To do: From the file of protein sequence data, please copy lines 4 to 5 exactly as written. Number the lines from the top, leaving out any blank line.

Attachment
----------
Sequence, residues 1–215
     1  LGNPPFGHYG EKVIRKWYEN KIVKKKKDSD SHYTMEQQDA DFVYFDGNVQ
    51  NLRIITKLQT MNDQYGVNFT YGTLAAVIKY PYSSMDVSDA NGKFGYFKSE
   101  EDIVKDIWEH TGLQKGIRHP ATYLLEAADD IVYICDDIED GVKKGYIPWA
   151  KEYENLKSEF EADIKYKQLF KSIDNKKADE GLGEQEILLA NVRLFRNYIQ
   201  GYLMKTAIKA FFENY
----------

   101  EDIVKDIWEH TGLQKGIRHP ATYLLEAADD IVYICDDIED GVKKGYIPWA
   151  KEYENLKSEF EADIKYKQLF KSIDNKKADE GLGEQEILLA NVRLFRNYIQ